June , 2022
Global food price inflation and wheat crisis in India
00:34 am

Kishore Kumar Biswas

It should be noted that food price inflation has been a long-drawn-out problem globally. The ongoing war in Europe has intensified the matter. According to the Food and Agricultural Organization (FAO) of the United Nations, prices of many items had reached their all-time high points even before the start of the ongoing Russia- Ukraine war. This was mainly due to market conditions and the high prices of energy, fertilizers and other agricultural services.

 The FAO food price index reached its all-time high in the last two quarters of the last FY. In India during the same period, that is, between September 2021 and April 2022, consumer food price inflation rose from 0.68% to 8.38% year-on- year. A research study pointed out (Indian Express, 23 May) that the present food price inflation reminds of the same situation that prevailed in India during the mid-2000s and around 2012-13.

But one should also notice the dissimilarity between the two situations. The earlier case was a structural one driven by rising income of the people where inflation was observed in protein items (meat, fish, milk, egg, pulses, etc.) and micronutrients (fruits and vegetables, etc). But the present case involves the rising prices of calorie items due to supply bottlenecks of cereals and sugar.

Problem with wheat in India and some other countries

The Indian government has banned wheat exports. The immediate cause of taking this decision has been the lower-than-expected production of wheat which has been compounded by the soaring inflation due to Russia-Ukraine hostility. There has been a fear of a six-year low production of wheat this year. This is lowest since 2016 - when wheat production was 92.29 million tonnes (MT).

The war has disrupted global food supply. The Food Corporation of India (FCI) has lowered the procurement of wheat for buffer stocks this year. At the same time, retail inflation has peaked at 7.79% and wheat prices rose both in domestic and international markets.

As a result, wheat prices in the retail market in India rose to `29.70/kg as of May 12. This was `28.10/kg three months ago. In the APMC yards of the wheat growing states, prices were over `2,100/ quintal. That is, wheat prices were above this year’s MSP price of `2,015/quintal. The sellers preferred to sell wheat at the market and not to the FCI. It is also reported that the FCI procured only 17.9 MT as of April 1. This was about 50% lower than that of a year ago. It is also reported (Business Line May 15) that the central government has targeted to procure 44 MT this year. But Sudhanshu Pandey, Secretary, Department of Food, had told reporters that it could procure only 19.5 MT. Farmers have also opposed the ban of wheat exports.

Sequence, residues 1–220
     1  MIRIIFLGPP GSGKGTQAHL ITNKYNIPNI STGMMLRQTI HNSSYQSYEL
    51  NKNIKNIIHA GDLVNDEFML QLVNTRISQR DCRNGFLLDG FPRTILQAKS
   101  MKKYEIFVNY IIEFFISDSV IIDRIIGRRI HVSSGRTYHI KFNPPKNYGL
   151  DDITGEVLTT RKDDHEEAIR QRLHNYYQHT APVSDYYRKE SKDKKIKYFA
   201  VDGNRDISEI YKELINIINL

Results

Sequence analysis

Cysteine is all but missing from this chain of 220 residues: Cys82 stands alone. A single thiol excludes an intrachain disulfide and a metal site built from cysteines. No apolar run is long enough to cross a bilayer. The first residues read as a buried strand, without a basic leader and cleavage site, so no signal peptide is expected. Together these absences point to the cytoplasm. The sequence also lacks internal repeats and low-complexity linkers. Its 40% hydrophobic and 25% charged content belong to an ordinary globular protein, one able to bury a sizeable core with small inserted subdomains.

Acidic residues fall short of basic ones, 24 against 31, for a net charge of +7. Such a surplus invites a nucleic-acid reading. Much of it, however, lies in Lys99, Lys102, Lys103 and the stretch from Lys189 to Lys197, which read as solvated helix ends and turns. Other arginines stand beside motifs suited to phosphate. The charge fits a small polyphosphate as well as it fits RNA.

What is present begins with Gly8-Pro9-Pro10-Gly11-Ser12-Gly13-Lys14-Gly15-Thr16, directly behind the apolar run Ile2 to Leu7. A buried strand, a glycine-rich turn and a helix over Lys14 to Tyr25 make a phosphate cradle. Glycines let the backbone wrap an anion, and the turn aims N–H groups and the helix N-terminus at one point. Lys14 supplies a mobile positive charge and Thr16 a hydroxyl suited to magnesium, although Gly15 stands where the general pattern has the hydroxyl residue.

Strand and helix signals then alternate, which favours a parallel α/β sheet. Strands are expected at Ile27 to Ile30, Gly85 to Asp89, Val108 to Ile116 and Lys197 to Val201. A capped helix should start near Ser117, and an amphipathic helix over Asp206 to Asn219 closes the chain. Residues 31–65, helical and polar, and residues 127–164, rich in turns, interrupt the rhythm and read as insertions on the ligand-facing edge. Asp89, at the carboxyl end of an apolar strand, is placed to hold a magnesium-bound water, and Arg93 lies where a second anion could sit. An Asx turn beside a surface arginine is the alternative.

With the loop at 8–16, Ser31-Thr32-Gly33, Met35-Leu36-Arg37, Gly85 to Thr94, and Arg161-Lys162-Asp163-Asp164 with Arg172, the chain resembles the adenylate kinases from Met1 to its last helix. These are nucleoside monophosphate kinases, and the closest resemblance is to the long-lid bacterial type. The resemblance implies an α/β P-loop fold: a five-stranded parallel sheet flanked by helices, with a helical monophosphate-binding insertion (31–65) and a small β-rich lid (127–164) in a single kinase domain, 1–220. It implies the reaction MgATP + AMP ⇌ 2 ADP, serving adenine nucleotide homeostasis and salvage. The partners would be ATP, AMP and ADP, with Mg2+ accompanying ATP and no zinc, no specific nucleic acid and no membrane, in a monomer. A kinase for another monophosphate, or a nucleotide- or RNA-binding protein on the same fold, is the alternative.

Many analysts think that the government had nothing to do in the situation when even the US Department of Agriculture reported a shortage of wheat, maize and soybeans. So, food availability may be disrupted in the world market.

Food supply-demand mismatch is the main reason for high inflation

There have been a lot of studies regarding why the price inflation of India is a concern. A prominent view is that demand-supply mismatch is the main trigger behind this. At present, the common people think that rising petroleum prices is the main reason for high price inflation. But petroleum products have an inflation weightage of around 7% and are substantially lower than the weightage of food and beverages. That means if prices of petroleum increase by say 10%, its impact will be about one-seventh of that of a 10% increase in prices of food items. So, inflation in India may be thought of as a structural problem related to food availability in the country.   


The problem of wheat supply has been an example in the present situation. But to control inflation, the agriculture economy and rural economy should be strengthened. But this may not be all. At times, inflation may be due to problems created in the international economy. This is called inflation due to imported factors. But if the income of the common people is at a better level, it is easy to control the impact of inflation.


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